The federal government and the state of Utah this week cleared the way for a controversial industrial loan corporation to be set up by Square Inc. that could help the payments company cement ties with its merchant base. But the approvals also drew fierce opposition from banking groups concerned about a possible flood of nonbank applicants for ILC charters.
The FDIC on Wednesday approved an application from Square Financial Services for deposit insurance related to its ILC. Square announced the banking unit, which is based in Salt Lake City, has also won a charter from the Utah Department of Financial Institutions. The bank is expected to begin operating next year and will offer commercial loans to clients of Square Capital, a small-business lending operation aimed at helping merchants and other businesses that use Square’s point-of-sale services. It will also offer deposit products.
“We’re now focused on the work ahead to build out Square Financial Services and open our bank to small business customers,” said Jacqueline Reses, Square Capital lead and executive chairwoman of the board of directors for Square Financial Services, in a statement. Square has been planning its banking venture for several years. In 2018, it withdrew its original application for deposit insurance, but refiled in December that year “after having constructive dialogue with federal and state regulators,” says a Square spokesperson. “We amended and strengthened some areas of our application for Square Financial Services in that time.”
News of the FDIC and Utah approvals drew a strong rebuke from banking-industry groups, which have historically opposed the entry of commercial entities in the banking business. Some are also puzzled by what they see as precipitous action by the FDIC in the case of Square. The agency is drawing up new rules regarding ILCs, but hasn’t finalized them.
The Washington, D.C.-based Independent Community Bankers of America, which has opposed the Square application from the start, is concerned the new ILC will allow Square to discriminate among commercial clients in ways traditional banks don’t. The new charter is “mixing commerce and banking,” says Chris Cole, executive vice president and senior regulatory counsel with the ICBA. “Once these commercial entrants own banks, there will be incentives for the banks to favor certain industries over others. We think that’s dangerous.” The FDIC proposed new rules this week governing ILCs.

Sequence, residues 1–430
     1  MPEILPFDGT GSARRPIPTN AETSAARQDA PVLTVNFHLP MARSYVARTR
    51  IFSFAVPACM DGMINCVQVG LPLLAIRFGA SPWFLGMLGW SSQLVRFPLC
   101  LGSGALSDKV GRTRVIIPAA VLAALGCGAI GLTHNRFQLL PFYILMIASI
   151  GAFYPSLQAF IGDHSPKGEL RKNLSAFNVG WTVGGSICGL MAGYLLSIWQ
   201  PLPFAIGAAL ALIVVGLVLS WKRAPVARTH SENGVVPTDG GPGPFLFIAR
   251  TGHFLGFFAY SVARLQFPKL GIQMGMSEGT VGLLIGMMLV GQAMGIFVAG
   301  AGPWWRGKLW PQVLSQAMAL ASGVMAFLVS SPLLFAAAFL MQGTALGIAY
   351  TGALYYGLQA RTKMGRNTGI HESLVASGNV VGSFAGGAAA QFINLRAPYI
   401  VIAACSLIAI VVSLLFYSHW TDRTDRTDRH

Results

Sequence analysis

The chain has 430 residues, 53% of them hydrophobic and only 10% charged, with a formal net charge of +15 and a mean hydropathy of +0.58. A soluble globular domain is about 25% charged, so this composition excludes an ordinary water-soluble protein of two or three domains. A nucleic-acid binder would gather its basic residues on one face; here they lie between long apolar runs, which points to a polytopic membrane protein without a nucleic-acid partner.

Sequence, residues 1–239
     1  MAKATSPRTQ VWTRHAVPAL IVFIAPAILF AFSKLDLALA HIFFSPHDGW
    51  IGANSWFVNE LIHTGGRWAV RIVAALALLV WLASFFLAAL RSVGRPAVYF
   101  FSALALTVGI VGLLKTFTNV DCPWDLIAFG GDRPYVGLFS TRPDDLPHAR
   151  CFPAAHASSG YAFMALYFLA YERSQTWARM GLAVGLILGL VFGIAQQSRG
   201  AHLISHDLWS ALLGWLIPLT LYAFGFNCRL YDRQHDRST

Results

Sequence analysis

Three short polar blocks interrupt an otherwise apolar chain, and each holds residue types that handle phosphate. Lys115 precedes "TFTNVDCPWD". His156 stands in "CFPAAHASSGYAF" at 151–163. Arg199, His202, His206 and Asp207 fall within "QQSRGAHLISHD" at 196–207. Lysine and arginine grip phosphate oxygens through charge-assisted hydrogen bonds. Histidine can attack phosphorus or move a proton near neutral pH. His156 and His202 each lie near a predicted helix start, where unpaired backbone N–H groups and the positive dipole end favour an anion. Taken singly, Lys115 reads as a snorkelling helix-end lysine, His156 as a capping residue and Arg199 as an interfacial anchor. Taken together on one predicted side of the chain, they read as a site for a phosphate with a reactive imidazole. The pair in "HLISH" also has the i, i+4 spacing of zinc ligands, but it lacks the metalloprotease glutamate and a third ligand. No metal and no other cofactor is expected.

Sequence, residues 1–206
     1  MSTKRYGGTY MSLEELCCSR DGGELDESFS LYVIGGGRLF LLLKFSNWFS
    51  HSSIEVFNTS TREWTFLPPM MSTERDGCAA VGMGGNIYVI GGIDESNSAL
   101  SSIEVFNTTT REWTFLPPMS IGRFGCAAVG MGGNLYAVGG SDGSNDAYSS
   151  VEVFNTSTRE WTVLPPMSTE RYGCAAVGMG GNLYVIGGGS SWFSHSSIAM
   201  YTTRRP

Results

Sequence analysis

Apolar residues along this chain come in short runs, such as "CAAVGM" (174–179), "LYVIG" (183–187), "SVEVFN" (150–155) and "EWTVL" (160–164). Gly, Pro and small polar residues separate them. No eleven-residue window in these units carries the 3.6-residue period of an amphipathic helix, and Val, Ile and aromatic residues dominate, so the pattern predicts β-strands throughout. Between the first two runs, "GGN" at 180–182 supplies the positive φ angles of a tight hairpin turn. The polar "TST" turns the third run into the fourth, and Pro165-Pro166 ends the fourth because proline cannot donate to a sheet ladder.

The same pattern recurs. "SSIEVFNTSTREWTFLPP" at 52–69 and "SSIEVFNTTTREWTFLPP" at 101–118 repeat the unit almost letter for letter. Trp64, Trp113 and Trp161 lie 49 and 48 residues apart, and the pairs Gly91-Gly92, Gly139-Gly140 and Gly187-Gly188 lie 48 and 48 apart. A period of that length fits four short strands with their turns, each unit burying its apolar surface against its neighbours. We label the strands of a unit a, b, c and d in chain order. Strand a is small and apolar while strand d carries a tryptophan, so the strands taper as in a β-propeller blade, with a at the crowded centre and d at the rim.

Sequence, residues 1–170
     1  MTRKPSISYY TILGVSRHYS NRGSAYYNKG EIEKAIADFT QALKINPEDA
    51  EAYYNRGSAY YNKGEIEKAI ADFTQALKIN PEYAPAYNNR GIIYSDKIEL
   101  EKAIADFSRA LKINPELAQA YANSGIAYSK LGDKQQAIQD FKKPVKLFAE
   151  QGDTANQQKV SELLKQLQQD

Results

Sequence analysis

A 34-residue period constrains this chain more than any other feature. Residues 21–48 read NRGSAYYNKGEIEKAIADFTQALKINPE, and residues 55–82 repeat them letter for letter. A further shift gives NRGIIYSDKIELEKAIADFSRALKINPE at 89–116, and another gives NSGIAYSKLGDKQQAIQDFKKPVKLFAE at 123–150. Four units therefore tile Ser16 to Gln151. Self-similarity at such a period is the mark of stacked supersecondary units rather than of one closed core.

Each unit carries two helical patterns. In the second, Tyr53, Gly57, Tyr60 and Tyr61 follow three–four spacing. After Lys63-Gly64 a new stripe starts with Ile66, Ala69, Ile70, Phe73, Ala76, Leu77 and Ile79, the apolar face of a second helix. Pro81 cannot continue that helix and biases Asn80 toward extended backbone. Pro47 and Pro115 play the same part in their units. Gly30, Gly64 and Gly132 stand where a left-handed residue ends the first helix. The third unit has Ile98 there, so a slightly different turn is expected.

Cole says the ICBA expects many more ILC applications, especially from technology companies, now that Square’s effort has won approval. “It will be a wide range of companies [applying], but primarily tech,” he predicts.
But for Square, the advantages of its new banking venture will be substantial, observers say. “Having a charter will allow them to offer a full suite of lending products to their clients, which is both a revenue opportunity as well as a strong defensive move against traditional banks and other fintechs,” says Thad Peterson, a senior analyst at the Aite Group, a Boston-based consultancy. “They will be able to broaden their offerings beyond lending with this charter and I would expect that they will explore those options over time.”
Others see further advantages. “With their own charter, they will have the opportunity to cut out bank lenders who act as middlemen and add to Square’s cost structure,” says Sarah Grotta, director of the debit and alternative products advisory service at the Mercator Advisory Group, a Marlborough, Mass.-based consultancy.
But she cautions more opposition to Square’s banking move will likely emerge over time. “Bankers, both those who would have partnered with Square to provide services and also those who consider them a competitive threat in the area of small business lending, are not cheering this announcement,” she adds.
Square’s new ILC will be managed by Lewis Goodwin, chief executive of Square Financial Services, and SFS chief financial officer Brandon Soto, Square said Wednesday. Both men have long experience in banking and in running ILCs.